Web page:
When I think of versatile players, Matt Marx come to mind.  This 6’5″ senior wing makes heady plays on the court.  He basically does everything his coach needs him to do for the team.  If it is rebounding Neville needs, he can get them ten-plus boards.  He has good ball handling skills so he can start the break when he gets a rebound.  He will not shoot many jumpers; consequently, Matt has a great vertical that allows him to shoot uncontested mid-range jumpers.  He will drive to the hole and use his height to get off a shot or get fouled.  Matt is just a smart player who can fill the stat sheet in so many ways.  He is that all around player that a team needs.  With his height, he is a player that will have suitors because of his skill set.

Trenton Ivy/ 6’4″ Sr. / Airline

If a college is looking for a big guard who can initiate and offense or get his own shot, Trenton Ivy is the guy.  When Airline needs a play on offense, they put the ball in Trenton’s hands.  With his length, he can shoot over small guards easily and taller defenders without much contesting his shot.  He has small guard, ball handling skills which help him get to the rim or create a shot for others.  In the open floor, he has enough speed to push the ball up and create pressure on defenders.  His wing span forces average to small guards to shoot over him.  He has some of the game of Airline/Arkansas Little Rock alum Josh Hagins, but not as polished.  Because of his height and skills, playing him at either guard position would be an attribute a college coach would love to have.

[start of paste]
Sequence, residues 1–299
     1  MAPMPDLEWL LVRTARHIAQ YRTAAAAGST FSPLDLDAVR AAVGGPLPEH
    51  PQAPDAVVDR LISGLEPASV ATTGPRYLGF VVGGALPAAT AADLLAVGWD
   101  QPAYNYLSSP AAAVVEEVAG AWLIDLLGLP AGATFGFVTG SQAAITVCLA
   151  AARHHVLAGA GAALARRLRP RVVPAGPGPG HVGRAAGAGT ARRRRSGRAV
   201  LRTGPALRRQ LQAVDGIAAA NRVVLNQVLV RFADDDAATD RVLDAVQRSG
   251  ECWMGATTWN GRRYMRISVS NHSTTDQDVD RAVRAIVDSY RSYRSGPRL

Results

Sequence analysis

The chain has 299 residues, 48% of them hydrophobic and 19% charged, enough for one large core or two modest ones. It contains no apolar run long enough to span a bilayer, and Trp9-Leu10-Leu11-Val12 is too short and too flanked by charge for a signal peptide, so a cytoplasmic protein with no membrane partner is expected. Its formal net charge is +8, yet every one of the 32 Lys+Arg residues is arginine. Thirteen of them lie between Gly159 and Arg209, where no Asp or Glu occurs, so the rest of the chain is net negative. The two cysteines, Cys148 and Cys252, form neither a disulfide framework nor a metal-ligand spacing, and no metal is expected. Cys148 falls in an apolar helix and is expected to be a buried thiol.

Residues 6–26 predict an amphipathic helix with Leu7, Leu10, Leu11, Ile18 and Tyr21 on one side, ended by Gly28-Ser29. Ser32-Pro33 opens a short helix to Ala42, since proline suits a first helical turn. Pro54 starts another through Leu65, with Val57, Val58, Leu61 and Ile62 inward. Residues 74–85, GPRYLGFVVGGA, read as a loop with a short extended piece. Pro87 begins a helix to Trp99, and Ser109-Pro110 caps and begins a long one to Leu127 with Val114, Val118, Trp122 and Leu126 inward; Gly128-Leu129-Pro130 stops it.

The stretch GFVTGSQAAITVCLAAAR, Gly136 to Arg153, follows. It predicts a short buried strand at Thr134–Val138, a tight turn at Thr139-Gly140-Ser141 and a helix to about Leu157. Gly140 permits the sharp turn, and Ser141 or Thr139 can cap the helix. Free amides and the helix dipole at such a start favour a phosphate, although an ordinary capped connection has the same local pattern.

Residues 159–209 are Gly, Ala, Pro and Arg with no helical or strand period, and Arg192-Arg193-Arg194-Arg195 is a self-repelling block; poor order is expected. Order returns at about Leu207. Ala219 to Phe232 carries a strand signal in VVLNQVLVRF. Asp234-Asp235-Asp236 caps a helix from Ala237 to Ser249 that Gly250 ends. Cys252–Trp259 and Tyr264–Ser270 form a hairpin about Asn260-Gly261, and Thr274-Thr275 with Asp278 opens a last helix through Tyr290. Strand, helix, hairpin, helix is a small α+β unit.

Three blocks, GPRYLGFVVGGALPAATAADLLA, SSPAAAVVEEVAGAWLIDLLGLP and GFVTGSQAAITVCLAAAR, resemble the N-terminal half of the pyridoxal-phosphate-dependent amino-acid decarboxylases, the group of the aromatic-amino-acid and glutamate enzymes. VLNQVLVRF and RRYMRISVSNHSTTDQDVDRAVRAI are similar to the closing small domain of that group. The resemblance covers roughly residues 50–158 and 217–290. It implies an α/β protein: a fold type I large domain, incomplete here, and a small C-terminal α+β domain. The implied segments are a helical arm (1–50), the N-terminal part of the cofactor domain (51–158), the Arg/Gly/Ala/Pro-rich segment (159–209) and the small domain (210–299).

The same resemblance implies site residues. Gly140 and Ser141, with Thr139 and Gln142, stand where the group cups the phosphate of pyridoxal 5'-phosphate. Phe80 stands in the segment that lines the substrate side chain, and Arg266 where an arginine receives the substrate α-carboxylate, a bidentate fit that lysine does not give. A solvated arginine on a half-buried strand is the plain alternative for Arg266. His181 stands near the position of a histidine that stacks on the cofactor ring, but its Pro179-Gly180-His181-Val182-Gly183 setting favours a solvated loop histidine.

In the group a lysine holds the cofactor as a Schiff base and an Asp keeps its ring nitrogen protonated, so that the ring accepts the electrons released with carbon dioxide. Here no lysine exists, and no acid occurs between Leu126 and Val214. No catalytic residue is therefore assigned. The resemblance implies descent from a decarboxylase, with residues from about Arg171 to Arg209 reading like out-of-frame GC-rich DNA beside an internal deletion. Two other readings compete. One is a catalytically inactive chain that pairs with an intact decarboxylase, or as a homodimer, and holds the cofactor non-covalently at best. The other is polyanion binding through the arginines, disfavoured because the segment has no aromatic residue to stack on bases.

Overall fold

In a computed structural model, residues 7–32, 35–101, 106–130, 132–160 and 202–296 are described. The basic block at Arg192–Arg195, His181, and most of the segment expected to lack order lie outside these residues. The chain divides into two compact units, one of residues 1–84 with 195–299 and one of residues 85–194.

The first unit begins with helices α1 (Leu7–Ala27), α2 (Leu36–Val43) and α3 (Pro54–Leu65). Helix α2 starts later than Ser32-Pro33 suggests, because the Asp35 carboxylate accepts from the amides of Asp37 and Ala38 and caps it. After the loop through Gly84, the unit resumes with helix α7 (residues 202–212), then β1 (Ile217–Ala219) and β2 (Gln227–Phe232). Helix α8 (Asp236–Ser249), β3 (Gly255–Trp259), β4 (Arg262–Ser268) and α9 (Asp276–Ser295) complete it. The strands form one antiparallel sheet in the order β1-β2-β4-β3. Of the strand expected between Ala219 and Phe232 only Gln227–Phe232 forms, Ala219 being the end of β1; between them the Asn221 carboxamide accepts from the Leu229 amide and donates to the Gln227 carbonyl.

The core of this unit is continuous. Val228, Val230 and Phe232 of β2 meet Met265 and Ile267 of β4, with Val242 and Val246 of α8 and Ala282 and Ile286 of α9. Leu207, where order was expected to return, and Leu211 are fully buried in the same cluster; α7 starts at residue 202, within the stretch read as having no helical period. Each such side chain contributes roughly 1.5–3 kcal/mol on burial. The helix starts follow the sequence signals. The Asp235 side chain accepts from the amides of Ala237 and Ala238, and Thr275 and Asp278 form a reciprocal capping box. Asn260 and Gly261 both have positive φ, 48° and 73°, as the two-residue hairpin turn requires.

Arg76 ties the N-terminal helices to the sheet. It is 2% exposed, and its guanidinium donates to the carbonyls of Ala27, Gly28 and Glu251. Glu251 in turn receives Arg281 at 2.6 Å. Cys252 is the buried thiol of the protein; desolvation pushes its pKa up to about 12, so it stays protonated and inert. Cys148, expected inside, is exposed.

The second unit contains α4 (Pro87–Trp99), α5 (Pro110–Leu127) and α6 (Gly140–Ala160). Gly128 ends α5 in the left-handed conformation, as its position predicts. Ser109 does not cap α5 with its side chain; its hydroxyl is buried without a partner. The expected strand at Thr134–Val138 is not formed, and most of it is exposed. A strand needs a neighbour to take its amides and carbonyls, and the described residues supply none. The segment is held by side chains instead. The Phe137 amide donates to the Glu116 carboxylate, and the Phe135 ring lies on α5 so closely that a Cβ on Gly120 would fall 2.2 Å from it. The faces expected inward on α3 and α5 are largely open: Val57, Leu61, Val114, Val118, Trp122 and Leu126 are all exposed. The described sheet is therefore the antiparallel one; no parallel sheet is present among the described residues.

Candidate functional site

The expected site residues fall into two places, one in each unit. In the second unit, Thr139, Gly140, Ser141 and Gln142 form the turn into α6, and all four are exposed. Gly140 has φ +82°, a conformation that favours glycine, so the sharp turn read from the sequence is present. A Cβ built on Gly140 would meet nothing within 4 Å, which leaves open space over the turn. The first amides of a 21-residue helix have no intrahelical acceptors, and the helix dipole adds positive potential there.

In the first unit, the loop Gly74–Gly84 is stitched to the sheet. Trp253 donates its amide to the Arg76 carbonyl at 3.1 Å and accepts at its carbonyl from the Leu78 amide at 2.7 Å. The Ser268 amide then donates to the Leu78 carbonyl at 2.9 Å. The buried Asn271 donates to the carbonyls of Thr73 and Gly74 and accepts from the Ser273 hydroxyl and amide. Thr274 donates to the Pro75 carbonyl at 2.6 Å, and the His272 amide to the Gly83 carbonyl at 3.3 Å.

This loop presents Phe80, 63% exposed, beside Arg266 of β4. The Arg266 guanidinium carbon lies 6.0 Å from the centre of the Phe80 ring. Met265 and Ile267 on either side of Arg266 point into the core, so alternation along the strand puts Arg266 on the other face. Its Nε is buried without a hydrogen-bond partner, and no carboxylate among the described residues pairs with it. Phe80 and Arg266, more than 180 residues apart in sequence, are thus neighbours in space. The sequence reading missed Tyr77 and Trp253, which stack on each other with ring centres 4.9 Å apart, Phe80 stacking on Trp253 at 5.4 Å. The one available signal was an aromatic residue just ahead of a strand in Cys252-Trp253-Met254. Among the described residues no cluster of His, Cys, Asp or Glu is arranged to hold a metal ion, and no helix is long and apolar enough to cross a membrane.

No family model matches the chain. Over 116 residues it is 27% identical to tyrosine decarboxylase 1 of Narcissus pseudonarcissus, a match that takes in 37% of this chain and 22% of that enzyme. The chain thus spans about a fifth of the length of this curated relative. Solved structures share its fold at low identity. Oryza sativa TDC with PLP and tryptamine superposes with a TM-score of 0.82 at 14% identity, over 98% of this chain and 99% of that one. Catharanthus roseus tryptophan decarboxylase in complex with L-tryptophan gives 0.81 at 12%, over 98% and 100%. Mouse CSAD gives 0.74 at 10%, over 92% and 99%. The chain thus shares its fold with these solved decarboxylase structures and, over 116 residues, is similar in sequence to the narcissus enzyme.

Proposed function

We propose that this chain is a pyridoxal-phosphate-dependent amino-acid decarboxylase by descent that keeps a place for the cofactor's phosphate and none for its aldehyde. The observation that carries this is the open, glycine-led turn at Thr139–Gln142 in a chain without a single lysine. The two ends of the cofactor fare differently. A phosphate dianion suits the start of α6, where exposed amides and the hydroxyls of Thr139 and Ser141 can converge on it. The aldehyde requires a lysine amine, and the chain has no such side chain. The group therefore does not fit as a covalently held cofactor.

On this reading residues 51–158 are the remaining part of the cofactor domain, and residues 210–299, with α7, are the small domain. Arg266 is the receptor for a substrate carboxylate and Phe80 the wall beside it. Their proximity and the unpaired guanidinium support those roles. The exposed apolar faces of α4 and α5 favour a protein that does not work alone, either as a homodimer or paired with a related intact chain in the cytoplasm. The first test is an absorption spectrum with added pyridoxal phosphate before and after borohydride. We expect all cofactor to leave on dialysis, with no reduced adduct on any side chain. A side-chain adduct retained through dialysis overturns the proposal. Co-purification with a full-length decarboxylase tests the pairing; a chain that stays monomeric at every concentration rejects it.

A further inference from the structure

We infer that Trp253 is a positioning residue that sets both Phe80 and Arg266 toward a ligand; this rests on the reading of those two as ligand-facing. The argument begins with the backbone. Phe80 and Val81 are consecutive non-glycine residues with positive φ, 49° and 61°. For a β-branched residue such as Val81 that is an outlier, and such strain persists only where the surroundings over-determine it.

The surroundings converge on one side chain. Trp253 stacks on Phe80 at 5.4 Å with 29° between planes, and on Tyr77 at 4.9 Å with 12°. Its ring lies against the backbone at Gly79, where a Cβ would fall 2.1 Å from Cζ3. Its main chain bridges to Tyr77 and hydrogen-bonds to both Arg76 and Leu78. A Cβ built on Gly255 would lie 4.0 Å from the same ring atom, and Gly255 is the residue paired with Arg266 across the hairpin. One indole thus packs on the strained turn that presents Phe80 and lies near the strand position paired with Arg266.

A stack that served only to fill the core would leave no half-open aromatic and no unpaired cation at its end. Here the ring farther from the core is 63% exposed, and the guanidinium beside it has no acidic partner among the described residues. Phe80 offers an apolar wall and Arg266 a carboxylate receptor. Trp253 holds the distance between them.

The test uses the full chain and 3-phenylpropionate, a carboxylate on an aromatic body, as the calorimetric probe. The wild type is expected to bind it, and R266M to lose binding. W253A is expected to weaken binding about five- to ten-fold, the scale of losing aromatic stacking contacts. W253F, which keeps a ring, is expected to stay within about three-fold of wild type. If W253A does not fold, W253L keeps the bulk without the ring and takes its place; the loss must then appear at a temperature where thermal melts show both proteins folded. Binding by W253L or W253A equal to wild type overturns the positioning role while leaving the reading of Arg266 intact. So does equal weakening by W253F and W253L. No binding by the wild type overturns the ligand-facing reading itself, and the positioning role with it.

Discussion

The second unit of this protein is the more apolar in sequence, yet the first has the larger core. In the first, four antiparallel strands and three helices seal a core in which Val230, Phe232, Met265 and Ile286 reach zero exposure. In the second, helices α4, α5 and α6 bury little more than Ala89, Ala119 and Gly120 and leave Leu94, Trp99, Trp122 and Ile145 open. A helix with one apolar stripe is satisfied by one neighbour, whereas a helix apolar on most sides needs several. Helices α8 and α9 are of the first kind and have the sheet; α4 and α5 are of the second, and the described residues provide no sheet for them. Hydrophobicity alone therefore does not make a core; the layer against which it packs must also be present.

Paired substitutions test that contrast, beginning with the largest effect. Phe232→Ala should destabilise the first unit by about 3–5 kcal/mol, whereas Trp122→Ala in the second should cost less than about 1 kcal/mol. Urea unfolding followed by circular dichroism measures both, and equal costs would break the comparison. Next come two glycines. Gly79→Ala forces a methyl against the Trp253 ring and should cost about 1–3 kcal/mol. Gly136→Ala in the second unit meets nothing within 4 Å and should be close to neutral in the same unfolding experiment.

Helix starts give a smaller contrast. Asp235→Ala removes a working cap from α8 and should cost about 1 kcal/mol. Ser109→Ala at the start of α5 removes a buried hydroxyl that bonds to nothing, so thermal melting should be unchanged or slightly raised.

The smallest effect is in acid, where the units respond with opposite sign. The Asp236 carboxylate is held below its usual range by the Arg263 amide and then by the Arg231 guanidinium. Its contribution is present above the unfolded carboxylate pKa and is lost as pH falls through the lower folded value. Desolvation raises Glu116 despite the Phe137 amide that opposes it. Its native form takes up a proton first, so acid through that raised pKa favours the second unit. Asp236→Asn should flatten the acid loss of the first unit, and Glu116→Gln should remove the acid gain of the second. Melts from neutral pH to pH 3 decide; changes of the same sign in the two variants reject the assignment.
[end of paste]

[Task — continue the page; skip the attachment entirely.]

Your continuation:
Jimmie Pittman/ 6’1″ Sr. / St. Amant

There are unique guards who can manipulate players with their eyes like a quarterback does defensive backs when they stand in the pocket.  Jimmie Pittman is one of those guards.  His court vision is his main asset.  He anticipates very well passing cutters open.  He has an outstanding feel of what his job is on the floor as a point guard.  He directs traffic in the half court and finds the right guy with ease.  If a defender plays too far off, he will drain the deep three. Jimmie punished small guards who do not play him aggressively.  This kid can be a true leader of a team playing on the next level.  If St. Amant makes a deep playoff run, he might garner some small D1 offers.

Players of this caliber will be picked up by a college team and will be able to contribute.  We will look at more of these unranked players in the future on Prep Hoops Louisiana.